Why Hackers Use Bitcoin and Why It Is So Difficult to Trace


Bitcoin is increasingly used in scams.



Photo:

Artur Widak/NurPhoto/Zuma Press

By now you have probably heard of bitcoin, even if you haven’t used it yourself. Launched 11 years ago, bitcoin is a digital currency that operates independently of third-party oversight from banks or governments. It allows two people anywhere in the world to exchange value across the internet in minutes.

Although it hasn’t found success as a mainstream, transactional currency, it is increasingly used in scams. On Wednesday, it was featured in a hack of prominent

Twitter

accounts. Purporting to be former President Obama, Bill Gates and Kanye West, hackers steered Twitter followers to send $1,000 in bitcoin, promising $2,000 in return. They drew more than $100,000 before the scam was shut down.

Here’s what you need to know about bitcoin.

Q: Is bitcoin actually money?

A: We call bitcoin digital currency or money, but really it is just a computer program. People trade bitcoin with each other directly, or buy and sell through online exchanges. At current prices, one bitcoin is worth about $9,000, but it can be divided and sold in smaller slices.

Anyone with a computer and an internet connection can download the software, which comes with something called a wallet, a place to store your bitcoin balance. That wallet has an address—a long string of numbers and letters, called the public key—that lets people find the account on the network. Anybody can send bitcoin into a wallet. Taking money out of that wallet, though, requires control of what is called the private key, another long string of letters and numbers.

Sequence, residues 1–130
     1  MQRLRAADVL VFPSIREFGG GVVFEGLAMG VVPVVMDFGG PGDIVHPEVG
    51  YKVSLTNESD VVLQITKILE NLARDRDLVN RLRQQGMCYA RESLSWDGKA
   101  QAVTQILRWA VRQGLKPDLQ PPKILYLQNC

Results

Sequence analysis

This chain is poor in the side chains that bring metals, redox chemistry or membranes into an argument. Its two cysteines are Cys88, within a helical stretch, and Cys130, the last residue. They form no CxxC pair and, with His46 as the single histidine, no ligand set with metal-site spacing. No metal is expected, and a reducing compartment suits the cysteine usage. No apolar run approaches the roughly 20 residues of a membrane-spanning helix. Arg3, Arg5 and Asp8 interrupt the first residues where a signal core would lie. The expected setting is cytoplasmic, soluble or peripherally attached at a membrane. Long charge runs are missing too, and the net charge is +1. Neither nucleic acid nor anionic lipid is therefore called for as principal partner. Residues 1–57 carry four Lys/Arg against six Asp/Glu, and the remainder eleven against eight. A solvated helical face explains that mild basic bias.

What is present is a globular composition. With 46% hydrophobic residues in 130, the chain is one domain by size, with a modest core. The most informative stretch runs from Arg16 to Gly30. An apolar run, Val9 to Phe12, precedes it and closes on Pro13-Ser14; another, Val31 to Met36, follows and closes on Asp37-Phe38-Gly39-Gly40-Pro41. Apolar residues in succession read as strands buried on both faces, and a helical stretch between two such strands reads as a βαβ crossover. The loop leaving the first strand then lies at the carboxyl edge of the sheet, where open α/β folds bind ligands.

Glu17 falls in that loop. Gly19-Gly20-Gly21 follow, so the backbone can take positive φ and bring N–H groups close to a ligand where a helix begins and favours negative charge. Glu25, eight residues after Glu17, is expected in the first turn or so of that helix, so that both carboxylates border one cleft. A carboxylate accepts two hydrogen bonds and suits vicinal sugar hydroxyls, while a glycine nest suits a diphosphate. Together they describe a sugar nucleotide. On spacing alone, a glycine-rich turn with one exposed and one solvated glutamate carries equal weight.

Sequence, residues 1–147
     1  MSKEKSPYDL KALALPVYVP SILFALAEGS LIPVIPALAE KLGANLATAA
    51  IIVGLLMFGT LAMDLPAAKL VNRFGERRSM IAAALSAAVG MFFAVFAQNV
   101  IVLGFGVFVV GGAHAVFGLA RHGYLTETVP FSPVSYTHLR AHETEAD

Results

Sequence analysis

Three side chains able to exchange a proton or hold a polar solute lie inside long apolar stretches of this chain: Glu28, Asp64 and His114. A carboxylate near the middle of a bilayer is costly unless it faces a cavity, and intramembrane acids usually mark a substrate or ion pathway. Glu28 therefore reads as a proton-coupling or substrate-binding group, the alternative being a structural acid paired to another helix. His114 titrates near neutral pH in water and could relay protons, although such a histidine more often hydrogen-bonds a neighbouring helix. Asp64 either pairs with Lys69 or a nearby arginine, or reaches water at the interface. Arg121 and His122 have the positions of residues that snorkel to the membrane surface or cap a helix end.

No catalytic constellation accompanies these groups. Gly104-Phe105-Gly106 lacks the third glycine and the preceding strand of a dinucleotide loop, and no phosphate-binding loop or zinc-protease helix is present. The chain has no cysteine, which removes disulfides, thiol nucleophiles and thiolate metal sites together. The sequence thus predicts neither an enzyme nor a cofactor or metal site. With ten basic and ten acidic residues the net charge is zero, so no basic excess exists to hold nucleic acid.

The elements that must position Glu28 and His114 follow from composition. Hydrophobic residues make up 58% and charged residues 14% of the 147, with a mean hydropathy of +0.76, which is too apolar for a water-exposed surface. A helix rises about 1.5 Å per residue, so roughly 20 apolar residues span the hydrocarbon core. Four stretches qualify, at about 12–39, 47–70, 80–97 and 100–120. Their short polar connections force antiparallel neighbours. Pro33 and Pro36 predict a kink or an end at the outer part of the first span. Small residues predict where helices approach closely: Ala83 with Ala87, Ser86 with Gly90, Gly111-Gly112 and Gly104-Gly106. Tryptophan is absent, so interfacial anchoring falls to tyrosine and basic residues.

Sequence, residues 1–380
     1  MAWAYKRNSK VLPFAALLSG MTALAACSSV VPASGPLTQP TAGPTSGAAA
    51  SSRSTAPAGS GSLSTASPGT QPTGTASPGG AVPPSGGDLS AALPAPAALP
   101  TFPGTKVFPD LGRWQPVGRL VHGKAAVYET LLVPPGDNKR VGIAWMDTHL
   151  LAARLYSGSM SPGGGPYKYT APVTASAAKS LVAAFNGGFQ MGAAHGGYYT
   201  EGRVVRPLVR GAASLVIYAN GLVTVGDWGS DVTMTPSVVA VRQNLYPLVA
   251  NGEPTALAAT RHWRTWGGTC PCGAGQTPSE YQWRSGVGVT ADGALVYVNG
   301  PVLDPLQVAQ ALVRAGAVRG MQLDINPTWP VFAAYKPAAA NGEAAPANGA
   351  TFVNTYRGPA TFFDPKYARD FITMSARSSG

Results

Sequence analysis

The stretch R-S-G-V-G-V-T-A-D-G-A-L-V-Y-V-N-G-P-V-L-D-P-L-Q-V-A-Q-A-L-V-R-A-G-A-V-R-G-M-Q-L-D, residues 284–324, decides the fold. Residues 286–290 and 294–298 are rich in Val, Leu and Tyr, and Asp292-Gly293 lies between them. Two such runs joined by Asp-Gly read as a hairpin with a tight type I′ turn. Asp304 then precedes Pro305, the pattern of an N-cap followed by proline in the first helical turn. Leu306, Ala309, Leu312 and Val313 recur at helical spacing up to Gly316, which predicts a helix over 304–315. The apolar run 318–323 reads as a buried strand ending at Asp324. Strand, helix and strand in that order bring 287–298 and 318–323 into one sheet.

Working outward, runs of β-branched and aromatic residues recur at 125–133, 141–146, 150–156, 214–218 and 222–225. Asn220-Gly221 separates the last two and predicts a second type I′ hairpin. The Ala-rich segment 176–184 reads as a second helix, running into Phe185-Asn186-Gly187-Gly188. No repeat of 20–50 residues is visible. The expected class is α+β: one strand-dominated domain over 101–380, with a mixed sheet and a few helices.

Q: Why did the hackers ask for bitcoin in the first place?

A: Unlike opening up a bank account, you don’t have to provide any identifying information to start a bitcoin account. Bitcoin is effectively anonymous, and law enforcement can’t freeze your bitcoin account like they could your bank account.

“A bitcoin wallet is something you can possess and control without going through a third party,” said Yaya Fanusie, an adjunct senior fellow at the Center for a New American Security. “Bitcoin is a choice for scammers just because of that.”

The European Union Agency for Law Enforcement Cooperation says bitcoin is one of the most popular cryptocurrencies for criminal use. Meanwhile, cyber crime is rising and is expected to be more profitable than global illegal drug trade by next year, according to data provider Cybersecurity Ventures.

Q: Is bitcoin traceable?

A: Every bitcoin transaction since the network launched in 2009—billions of them—has been recorded and stored in a permanent, inalterable public ledger, which anybody can view and analyze at any time. This ledger is called the blockchain.

Everybody can see what you do on the network, but they can’t necessarily see your identity. Think of that transaction history as a fingerprint. It can conclusively identify you, if it can be connected to you. Connecting bitcoin transactions to malicious actors has become a valuable tool to law enforcement for this exact reason.

Q: So can we track the thieves?

A: We can track their movements, yes. Anyone can look at the scammer’s wallet on a website called an explorer and look at every transaction going in or out of that wallet.